For more information about how cannabis can help alleviate not only U.S. veterans, but the United States as a whole, from the current opioid overdose epidemic, read NCIA’s full report, Cannabis: A Promising Option for the Opioid Crisis.
How Can I Help?
The solution is to remain educated. Federally legalizing cannabis in the United States is no small feat. There are endless hurdles and challenges and countless advocacy groups attempting to shield the population from its medical benefits.
But, do not get discouraged.
Simply because this is not an easy task does not mean there are no steps you can take today to progress the cannabis movement. Contact your congressman. Be involved in your local politics. Become a part of the lobbying effort. We must continue to advocate for cannabis reform on a federal level.
Join the Community!
Becoming involved in the cannabis community is the first step towards making a change. For more information about Understanding the Science Behind Cannabis and to learn how it affects the human body, join us at Seed to Sale Show in Denver, CO February 7-8, 2018.
Register for #SeedtoSaleShow Here
Or call (888) 409-4418 to Register.
Register by December 8, 2017 to save $400+
Your may also be interested in listening to our recent Cannabis Industry Voice podcast episode “Improving U.S. Military Veterans Quality Of Life Through Access To Cannabis” with Nick Etten, Founder of the Veterans Cannabis Project. Listen to the interview here.
Additional content you might be interested in:
1. “PTSD: National Center for PTSD.” What Is PTSD? – PTSD: National Center for PTSD, 1 Jan. 2007, www.ptsd.va.gov/public/ptsd-overview/basics/what-is-ptsd.asp.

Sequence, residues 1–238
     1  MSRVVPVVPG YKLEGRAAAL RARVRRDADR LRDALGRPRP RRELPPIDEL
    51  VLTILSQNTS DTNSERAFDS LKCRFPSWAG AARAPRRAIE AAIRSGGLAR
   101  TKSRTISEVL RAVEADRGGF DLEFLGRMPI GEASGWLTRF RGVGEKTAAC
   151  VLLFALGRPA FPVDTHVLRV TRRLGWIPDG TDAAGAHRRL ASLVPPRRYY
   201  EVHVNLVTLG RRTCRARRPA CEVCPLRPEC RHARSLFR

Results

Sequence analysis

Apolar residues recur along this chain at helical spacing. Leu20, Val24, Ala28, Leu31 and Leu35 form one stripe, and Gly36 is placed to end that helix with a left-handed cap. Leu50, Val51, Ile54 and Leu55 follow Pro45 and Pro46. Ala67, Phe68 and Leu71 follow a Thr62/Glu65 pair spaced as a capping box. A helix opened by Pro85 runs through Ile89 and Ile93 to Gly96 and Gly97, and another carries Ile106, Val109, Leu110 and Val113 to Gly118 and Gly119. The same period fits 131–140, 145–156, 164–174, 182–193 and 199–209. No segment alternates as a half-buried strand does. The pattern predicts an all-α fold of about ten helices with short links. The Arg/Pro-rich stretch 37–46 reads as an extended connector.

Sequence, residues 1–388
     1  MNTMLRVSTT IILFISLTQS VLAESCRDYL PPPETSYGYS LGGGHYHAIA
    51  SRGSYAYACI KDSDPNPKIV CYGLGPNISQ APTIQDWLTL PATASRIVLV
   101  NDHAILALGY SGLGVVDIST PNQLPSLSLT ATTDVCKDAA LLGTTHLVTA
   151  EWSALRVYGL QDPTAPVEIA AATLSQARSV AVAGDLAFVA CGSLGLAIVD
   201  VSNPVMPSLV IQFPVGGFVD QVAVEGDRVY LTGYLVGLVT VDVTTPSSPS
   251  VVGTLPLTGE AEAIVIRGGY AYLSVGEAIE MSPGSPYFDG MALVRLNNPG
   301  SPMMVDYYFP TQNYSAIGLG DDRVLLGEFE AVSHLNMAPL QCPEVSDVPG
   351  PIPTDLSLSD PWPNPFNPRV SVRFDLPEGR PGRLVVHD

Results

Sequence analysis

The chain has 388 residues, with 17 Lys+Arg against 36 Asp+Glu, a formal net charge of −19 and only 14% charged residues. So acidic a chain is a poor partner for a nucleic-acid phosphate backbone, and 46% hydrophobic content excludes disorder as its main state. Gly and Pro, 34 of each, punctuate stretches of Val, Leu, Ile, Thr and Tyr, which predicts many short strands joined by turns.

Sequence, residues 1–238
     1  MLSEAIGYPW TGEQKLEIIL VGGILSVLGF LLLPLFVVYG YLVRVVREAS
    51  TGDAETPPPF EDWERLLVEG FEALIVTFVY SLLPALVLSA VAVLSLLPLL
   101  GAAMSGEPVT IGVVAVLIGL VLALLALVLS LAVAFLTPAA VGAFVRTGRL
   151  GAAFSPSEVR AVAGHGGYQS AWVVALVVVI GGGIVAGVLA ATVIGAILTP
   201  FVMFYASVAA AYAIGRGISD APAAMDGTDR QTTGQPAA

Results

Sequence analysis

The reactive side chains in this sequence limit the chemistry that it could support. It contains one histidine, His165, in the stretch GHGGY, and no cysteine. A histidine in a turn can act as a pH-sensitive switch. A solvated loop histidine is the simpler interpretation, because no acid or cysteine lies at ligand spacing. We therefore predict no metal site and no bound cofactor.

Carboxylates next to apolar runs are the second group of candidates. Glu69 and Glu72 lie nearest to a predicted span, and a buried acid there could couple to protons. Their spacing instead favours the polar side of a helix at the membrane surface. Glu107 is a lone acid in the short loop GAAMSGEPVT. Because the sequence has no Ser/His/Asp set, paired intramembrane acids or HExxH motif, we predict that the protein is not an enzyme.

2. “PTSD: National Center for PTSD.” How Common Is PTSD? – PTSD: National Center for PTSD, 5 July 2007, www.ptsd.va.gov/public/ptsd-overview/basics/how-common-is-ptsd.asp.
3. Risen, Tom. “Veterans Day Data Boot Camp.” U.S. News & World Report, U.S. News & World Report, 10 Nov. 2014, www.usnews.com/news/blogs/data-mine/2014/11/10/veterans-day-data-boot-camp.
4. “PTSD: National Center for PTSD.” How Common Is PTSD? – PTSD: National Center for PTSD, 5 July 2007, www.ptsd.va.gov/public/ptsd-overview/basics/how-common-is-ptsd.asp.
5. Burke, Kristen. “The Nerve Blog.” The Nerve Blog RSS, The Nerve Blog, 14 Oct. 2015, sites.bu.edu/ombs/2015/10/14/fear-conditioning-and-ptsd/.
6. Rahn, Bailey. “Cannabis and Post-Traumatic Stress Disorder (PTSD).” Leafly, 23 May 2017, www.leafly.com/news/health/cannabis-and-post-traumatic-stress-disorder-ptsd.
7. Rahn, Bailey. “Cannabis and Post-Traumatic Stress Disorder (PTSD).” Leafly, 23 May 2017, www.leafly.com/news/health/cannabis-and-post-traumatic-stress-disorder-ptsd.
8. “Medical Marijuana and Post-Traumatic Stress Disorder (PTSD).” Medical Marijuana for PTSD | Marijuana Doctors, www.marijuanadoctors.com/content/ailments/view/117/post-traumatic-stress-disorder-ptsd.
9. Butterfield, Delilah. “How Cannabis Successfully Combats PTSD.” HERB, 24 Apr. 2017, herb.co/2017/04/23/cannabis-combats-ptsd/.
10. Howell, Kellan. “82 Percent of Veterans Want the Government to Legalize Medical Marijuana.” Study, 3 Nov. 2017, www.circa.com/story/2017/11/03/politics/82-percent-of-veterans-want-the-government-to-legalize-medial-marijuana-study.
11. “Opioid Overdose.” Centers for Disease Control and Prevention, Centers for Disease Control and Prevention, 23 Oct. 2017, www.cdc.gov/drugoverdose/index.html.
12. Administration, National Highway Traffic Safety. “Did You Know?” FARS Encyclopedia, www-fars.nhtsa.dot.gov/Main/index.aspx.
13. “Cannabis: A Promising Option for the Opioid Crisis.” The Cannabis Industry, Oct. 2016, thecannabisindustry.org/wp-content/uploads/2016/10/NCIA-Cannabis-and-Opioids-Report.October-2016.pdf.